Poison pie gets synthetic message across
Two police constables have taken the message about the dangers of synthetic drugs straight to some of the youngsters most at risk – with the help of a pie and some nasty chemicals.
Constable Dermot Forde, of Henderson Neighbourhood Policing Team, and Youth Aid Constable Reuben Jakich have teamed up to talk to teenagers at Alternative Education centres.
In their presentation they give an audience member a pie – then retrieve it, spray it with acetone and other nasties and offered it back.
“We say ‘Who’s hungry now?” says Dermot. “They’ll say ‘Are you trying to poison us?’ We tell them ‘Well, boys and girls, that’s what you’ve been smoking’.”
Coroners are investigating the role of synthetics tainted with dangerous chemicals in around 20 deaths in New Zealand, with West Auckland disproportionately affected.
“We’re coming across 12 and 13-year-olds smoking synthetics and I thought I’d go straight to where these kids come from,” says Dermot.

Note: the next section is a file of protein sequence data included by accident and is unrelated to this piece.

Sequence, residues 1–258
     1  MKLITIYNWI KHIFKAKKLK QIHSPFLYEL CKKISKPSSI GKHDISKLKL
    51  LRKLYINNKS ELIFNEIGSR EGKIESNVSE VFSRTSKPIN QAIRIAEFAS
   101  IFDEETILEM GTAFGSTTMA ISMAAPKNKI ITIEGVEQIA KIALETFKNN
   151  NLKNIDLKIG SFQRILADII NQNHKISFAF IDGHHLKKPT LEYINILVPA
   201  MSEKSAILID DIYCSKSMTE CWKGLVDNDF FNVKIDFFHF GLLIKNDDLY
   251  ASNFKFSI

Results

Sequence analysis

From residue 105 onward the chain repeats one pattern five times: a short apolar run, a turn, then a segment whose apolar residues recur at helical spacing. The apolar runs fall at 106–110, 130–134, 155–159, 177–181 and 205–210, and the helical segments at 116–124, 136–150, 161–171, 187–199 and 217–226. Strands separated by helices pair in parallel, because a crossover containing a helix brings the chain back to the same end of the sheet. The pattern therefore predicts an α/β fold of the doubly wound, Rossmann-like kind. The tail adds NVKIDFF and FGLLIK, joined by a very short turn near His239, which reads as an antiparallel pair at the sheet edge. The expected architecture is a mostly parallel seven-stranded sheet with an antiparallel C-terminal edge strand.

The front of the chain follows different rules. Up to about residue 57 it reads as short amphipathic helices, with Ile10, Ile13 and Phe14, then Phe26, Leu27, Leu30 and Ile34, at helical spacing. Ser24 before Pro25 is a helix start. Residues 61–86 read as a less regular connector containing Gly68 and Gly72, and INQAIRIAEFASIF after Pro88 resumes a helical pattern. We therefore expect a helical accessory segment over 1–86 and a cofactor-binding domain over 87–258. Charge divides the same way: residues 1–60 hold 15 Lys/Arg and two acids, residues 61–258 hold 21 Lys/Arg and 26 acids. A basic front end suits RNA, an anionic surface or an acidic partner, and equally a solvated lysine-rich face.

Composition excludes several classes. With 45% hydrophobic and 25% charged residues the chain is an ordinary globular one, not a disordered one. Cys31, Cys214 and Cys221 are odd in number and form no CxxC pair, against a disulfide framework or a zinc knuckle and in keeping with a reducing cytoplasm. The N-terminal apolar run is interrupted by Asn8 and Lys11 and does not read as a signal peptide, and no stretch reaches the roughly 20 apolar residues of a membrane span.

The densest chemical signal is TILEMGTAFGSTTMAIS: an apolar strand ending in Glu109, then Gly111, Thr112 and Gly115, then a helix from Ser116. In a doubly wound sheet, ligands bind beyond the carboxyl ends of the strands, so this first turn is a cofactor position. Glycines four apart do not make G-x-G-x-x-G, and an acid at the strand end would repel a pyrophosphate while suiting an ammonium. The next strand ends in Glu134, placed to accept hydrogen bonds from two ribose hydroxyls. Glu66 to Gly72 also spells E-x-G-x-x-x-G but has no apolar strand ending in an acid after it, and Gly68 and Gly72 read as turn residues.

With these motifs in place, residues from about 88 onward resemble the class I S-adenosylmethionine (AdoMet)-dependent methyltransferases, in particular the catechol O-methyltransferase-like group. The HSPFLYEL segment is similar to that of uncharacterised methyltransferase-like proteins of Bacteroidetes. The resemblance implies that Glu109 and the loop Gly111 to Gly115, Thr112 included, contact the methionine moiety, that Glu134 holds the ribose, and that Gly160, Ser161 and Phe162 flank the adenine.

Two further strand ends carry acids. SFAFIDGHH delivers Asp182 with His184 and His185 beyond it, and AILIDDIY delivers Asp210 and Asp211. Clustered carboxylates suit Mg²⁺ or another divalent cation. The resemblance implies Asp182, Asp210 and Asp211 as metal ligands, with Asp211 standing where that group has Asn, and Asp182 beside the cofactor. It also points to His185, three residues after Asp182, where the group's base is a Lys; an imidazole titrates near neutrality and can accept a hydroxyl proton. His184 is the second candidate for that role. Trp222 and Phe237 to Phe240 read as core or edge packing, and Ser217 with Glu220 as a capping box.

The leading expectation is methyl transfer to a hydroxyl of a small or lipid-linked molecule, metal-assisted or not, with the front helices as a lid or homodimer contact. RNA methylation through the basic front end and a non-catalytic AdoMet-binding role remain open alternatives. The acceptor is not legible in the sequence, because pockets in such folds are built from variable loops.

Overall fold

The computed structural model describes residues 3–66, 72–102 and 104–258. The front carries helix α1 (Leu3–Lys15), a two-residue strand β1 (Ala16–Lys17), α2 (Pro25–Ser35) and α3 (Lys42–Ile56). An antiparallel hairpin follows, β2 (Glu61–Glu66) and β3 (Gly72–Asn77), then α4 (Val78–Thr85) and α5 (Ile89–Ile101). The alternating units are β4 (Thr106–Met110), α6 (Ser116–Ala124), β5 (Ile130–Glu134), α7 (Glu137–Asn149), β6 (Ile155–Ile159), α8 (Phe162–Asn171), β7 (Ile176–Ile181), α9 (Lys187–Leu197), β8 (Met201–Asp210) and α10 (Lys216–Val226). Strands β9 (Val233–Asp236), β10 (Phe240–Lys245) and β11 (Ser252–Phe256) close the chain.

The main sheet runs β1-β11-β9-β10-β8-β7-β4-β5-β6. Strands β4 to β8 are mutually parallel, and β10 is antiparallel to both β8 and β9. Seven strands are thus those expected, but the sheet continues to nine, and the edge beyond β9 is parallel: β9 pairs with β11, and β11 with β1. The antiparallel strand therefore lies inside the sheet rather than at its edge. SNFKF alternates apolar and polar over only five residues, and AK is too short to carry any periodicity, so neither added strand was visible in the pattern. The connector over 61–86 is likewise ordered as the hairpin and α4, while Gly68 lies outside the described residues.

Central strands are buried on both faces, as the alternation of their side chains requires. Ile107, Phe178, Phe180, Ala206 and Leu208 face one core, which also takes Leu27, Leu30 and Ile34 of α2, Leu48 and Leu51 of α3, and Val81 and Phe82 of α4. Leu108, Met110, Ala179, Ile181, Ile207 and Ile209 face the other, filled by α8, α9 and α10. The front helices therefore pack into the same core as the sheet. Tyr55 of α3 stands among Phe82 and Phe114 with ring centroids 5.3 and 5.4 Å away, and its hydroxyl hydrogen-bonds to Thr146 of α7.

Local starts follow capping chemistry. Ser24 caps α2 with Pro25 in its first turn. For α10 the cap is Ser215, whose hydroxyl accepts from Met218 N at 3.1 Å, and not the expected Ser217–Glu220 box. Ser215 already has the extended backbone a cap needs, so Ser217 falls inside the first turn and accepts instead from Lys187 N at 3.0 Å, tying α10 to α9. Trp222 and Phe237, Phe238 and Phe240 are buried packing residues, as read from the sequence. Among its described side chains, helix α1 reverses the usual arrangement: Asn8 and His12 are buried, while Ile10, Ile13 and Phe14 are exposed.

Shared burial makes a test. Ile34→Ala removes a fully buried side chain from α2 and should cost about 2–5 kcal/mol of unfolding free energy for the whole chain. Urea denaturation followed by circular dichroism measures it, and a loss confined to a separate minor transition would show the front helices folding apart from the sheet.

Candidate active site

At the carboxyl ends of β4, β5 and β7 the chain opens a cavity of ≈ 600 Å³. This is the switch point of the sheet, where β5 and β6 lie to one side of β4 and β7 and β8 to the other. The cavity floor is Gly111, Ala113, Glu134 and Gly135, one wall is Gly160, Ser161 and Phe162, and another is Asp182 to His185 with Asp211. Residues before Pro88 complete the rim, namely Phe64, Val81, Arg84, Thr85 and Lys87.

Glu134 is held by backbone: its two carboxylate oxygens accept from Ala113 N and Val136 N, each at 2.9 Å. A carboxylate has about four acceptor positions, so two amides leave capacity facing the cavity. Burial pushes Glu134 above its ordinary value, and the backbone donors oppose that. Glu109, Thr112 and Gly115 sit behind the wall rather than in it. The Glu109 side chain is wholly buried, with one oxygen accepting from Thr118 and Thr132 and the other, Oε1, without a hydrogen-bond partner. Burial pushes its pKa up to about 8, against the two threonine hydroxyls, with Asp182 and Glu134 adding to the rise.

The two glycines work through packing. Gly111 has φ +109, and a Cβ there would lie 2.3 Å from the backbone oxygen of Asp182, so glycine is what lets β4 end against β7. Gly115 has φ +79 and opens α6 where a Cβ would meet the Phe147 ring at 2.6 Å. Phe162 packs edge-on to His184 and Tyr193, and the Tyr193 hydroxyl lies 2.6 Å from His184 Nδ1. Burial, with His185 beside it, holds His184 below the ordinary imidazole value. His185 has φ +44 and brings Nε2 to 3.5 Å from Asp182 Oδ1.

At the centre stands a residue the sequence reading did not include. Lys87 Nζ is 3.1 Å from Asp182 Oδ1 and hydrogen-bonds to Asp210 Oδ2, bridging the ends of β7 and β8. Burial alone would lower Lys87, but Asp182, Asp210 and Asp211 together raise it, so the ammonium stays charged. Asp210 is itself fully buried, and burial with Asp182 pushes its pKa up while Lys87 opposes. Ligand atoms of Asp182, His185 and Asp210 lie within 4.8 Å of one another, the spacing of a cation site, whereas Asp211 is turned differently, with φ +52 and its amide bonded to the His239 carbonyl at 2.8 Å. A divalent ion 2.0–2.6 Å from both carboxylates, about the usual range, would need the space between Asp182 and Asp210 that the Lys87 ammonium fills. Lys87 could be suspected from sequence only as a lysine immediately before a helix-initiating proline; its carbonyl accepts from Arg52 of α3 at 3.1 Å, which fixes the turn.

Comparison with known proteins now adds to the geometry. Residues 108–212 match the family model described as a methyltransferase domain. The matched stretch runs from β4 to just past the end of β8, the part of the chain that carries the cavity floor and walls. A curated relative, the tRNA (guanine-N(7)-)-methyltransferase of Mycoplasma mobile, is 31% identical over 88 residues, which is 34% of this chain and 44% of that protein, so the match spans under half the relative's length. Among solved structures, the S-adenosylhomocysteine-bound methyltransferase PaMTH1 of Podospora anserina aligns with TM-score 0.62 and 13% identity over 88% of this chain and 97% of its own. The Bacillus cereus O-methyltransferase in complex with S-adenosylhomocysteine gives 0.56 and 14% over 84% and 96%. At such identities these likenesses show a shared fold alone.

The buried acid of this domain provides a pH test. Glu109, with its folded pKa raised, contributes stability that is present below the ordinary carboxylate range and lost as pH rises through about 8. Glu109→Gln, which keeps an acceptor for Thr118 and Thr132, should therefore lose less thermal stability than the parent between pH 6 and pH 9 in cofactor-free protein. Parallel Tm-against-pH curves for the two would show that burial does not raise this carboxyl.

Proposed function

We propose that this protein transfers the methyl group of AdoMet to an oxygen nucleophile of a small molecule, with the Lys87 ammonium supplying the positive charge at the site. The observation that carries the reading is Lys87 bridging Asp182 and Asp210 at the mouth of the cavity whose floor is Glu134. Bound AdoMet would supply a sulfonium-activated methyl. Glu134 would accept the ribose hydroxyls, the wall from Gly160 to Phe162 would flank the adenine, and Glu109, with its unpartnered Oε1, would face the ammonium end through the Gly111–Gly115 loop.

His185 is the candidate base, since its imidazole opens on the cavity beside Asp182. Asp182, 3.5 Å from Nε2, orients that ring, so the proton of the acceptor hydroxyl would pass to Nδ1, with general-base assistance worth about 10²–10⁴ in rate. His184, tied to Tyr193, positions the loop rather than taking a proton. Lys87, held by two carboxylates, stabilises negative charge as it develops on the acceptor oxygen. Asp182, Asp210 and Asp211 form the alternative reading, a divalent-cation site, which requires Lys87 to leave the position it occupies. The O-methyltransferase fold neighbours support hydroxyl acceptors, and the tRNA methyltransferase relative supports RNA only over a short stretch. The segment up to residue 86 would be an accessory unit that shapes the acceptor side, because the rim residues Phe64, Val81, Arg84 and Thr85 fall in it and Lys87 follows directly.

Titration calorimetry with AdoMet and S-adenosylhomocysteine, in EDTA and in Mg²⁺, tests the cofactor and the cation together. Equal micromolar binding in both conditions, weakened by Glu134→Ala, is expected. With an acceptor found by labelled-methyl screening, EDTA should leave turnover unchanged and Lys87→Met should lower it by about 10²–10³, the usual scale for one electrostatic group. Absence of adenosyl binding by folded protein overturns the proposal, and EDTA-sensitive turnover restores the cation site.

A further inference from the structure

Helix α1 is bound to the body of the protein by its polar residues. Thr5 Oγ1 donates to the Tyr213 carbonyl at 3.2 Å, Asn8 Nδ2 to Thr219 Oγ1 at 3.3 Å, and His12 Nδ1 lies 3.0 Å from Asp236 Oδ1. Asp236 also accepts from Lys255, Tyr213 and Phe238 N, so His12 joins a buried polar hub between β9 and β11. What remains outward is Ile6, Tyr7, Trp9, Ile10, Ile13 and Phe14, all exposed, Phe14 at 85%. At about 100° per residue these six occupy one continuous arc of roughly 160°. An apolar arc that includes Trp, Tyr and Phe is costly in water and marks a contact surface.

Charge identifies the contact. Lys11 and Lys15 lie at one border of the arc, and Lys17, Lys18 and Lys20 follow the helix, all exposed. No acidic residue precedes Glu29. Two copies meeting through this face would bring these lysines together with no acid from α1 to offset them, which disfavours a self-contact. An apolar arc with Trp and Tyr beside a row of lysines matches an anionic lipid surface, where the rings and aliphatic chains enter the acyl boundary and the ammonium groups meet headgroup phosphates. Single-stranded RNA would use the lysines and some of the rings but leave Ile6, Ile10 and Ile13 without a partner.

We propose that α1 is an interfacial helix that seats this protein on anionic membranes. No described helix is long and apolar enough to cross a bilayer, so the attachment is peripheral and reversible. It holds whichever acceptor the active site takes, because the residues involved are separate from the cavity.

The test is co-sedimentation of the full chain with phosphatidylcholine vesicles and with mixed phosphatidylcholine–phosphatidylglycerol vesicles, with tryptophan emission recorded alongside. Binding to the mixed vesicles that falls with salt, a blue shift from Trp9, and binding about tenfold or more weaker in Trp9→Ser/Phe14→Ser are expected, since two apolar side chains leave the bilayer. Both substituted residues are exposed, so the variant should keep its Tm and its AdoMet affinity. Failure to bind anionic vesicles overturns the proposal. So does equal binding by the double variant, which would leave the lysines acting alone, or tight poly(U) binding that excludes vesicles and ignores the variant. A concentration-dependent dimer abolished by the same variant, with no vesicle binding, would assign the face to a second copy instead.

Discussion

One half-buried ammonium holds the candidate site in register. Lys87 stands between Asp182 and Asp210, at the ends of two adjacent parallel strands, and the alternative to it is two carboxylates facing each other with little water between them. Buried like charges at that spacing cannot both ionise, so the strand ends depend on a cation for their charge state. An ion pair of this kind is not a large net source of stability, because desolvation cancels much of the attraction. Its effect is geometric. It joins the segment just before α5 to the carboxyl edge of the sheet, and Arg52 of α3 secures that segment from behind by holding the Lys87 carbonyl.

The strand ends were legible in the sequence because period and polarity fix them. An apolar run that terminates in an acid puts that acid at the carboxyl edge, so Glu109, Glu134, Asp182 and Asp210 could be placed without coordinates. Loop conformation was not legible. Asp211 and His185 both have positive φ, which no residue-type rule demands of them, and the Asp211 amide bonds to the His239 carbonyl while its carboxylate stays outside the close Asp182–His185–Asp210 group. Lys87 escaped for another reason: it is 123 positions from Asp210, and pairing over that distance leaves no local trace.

He and Reuben have presented at five West Auckland AE centres and one on the North Shore - tough audiences of youngsters excluded from mainstream education, with many facing criminal charges.
They keep the presentation short. “It’s quick and sharp – 15 to 20 minutes, not death by powerpoint,” says Reuben.
The pie is something teenagers can relate to. “In the first presentation I went to I talked about pies,” says Reuben.
“In a shop you see pies labelled ‘steak’ or ‘chicken’ – if one was labelled ‘unknown ingredients and might kill you’, would you eat that? After that we decided to use an actual pie.”
They wear casual clothes but raise the idea that some audience members might be police of the future. “The whole class – and teachers – laugh,” says Dermot.
“We say to them that we all make mistakes but some of you might make some of the best police officers. The whole point is that people can change.”
Senior Sergeant Richard Thompson, Waitakere Area Manager Community and Youth, says Dermot and Reuben have broken the ice with youngsters in advance of a planned long-term campaign on synthetics.
“What they have achieved is considerable,” he says. “The feedback has been genuinely positive and this group of kids are a tough crowd.
“They’ve created an opportunity to reach people who could be some of the most at-risk in a quick and efficient way, and to build on the conversations they’ve had.
“Giving staff the freedom to develop their own ways to achieve Police’s big-picture aims is an important part of what the Police High Performance Framework is about. I’m a big fan.”
-Police Ten One Magazine.